Sam Davis earned renown as a Confederate Army scout who worked behind enemy lines. He was captured in 1863 with papers that contained critical information about Union troop movements that could only have come from the desk of Union General Grenville Dodge. Dodge put pressure on Davis to reveal his source in the Union Army but he would not give in, saying he would “rather die a thousand deaths than betray a friend.” He was hanged.

The property has several picturesque settings for events, with space for hundreds of guests. The backyard of the historic home is a secluded spot for a reception with large magnolia and maple trees to add shade and serve as a canopy for dancing and socializing. A gravel area is flat enough for large tents. The White Barn adds a rustic element to any event and can host groups of 100. The Creek House, which overlooks Stewart’s Creek, can host small parties or business luncheons. The Veranda, attached to the visitor center, overlooks the backyard and can accommodate 50 to 100 guests, depending on the type of tables used.

Oaklands Mansion


Oaklands Mansion in Murfreesboro began its life as a two-story brick building around 1815, with several additions made from the 1820s to 1860s. The first battle of Murfreesboro occurred just outside the gates of what is now Oaklands Park on July 13, 1862, with Union forces surrendering to Confederate cavalry inside the mansion.

Four families lived in the home until it was abandoned between 1954 and 1959. It was slated for demolition, but a group of 10 women formed the Oaklands Association to save the mansion from destruction. Now the mansion appears as it would have in the 1860s, and self-guided tours provide details from its 200-year history. The land surrounding the mansion is now a city park with walking trails, a spring, wetlands and a vegetable garden.

Several trees on the property are between 150 and 300 years old, and tours of the grounds can be arranged. Meeting groups can book events at Maney Hall and Visitors Center, which is named after the family that occupied the mansion during the Civil War. It was built in 2000 and can host groups up to 120. The cottage, the former caretaker’s house, can be used for parties and meetings of up to 20 people. Groups of 36 or fewer can gather on the patio behind the mansion.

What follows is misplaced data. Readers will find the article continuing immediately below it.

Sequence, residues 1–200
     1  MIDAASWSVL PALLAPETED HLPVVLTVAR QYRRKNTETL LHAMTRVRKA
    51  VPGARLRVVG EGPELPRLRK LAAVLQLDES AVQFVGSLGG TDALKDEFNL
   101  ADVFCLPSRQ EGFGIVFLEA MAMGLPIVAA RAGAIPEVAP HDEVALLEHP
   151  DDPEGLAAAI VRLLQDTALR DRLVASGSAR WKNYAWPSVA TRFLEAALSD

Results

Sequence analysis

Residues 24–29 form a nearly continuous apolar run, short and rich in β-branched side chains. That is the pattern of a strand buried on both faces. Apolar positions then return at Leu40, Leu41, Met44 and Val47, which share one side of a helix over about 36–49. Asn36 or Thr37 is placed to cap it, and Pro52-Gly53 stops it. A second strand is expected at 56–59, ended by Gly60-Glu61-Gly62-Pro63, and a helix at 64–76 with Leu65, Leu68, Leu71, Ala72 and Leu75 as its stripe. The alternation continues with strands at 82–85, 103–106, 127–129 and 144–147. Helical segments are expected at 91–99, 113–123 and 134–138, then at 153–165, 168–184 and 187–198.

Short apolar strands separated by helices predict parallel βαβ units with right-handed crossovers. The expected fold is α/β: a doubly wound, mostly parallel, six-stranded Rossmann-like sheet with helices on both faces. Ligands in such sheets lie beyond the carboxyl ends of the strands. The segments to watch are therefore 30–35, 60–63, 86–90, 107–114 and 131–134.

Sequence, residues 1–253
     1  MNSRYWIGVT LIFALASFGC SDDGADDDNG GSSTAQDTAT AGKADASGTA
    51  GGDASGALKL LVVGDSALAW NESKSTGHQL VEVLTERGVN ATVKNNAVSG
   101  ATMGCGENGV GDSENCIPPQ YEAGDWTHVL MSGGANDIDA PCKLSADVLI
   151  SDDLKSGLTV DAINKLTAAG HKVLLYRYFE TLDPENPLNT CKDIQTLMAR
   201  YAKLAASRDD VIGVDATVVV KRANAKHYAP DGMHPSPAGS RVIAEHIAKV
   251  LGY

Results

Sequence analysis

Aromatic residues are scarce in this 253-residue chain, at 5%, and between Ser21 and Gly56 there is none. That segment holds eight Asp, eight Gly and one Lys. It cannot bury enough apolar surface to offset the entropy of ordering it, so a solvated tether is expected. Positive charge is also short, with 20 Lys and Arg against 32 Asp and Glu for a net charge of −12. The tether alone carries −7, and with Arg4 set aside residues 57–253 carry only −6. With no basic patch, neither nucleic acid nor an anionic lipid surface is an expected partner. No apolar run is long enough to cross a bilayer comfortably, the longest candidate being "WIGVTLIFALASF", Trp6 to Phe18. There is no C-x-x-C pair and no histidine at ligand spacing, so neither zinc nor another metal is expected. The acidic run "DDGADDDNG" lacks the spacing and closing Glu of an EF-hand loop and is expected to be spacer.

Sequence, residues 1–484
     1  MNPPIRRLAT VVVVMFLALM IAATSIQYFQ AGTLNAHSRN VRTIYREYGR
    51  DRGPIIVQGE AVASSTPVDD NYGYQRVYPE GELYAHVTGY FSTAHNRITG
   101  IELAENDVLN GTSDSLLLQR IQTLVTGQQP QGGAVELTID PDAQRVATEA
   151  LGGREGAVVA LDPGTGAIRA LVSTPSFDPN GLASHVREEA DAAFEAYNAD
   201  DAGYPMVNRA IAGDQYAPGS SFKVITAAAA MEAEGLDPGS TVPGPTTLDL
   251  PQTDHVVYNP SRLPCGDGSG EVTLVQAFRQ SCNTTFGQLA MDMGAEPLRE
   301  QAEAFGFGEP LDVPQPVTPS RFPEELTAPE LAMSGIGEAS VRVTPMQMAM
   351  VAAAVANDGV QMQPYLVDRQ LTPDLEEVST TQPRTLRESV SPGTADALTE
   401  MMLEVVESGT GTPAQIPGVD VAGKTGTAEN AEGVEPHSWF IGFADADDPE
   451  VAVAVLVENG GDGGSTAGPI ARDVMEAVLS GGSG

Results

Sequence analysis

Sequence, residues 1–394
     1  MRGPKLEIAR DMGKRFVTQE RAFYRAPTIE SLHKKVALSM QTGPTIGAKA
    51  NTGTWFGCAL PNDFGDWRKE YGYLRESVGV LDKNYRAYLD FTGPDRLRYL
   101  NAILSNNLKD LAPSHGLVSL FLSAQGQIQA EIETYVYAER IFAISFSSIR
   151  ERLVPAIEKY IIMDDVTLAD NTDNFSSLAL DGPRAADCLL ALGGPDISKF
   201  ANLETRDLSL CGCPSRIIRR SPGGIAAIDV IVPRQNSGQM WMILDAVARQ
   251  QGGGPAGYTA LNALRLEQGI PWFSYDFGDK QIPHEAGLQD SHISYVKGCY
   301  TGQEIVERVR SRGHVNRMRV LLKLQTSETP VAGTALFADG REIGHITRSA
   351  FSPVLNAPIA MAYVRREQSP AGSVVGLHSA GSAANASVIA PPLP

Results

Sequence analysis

When groups host events at Oaklands, they can add on a guided tour of the mansion, and the grounds are available for breakout sessions or meals.

Fiddler’s Grove Historic Village


Fiddler’s Grove in Lebanon is a collection of 55 historic buildings from around Wilson County that have been saved from demolition and relocated to the fairgrounds where the Wilson County Fair and Tennessee State Fair are held. It includes one-room log cabins, a small church, one-room schoolhouse, blacksmith shop, doctor’s office, Sam Houston’s law office, jail, gristmill and 1950s-era service station. Many of the buildings house exhibits, showing visitors what life would have been like during the different eras represented. Others can be booked for meetings or events.

Artisans and volunteer groups do demonstrations at the Grove, from fiber arts and weaving to blacksmithing and gardening. The blacksmith shop is one of the largest in the Southeast, and many different blacksmithing organizations meet there, which means someone is always forging something on the property. Master gardeners maintain all the flowerbeds and the demonstration garden and are happy to offer gardening demonstrations.

Groups meeting on property aren’t just getting an event venue, but a small slice of several eras.

The Veterans Building is the most popular venue on site. It can host groups of 150 and is a favorite for wedding receptions, parties and celebrations. Opry Pavilion can seat 250 and has a large stage, restroom and kitchen. Fiddlers Grove Pavilion can host about 200 guests for family reunions or picnics. Melrose Church seats 80 and features beautiful stained-glass windows. The entire property can also be booked for private events.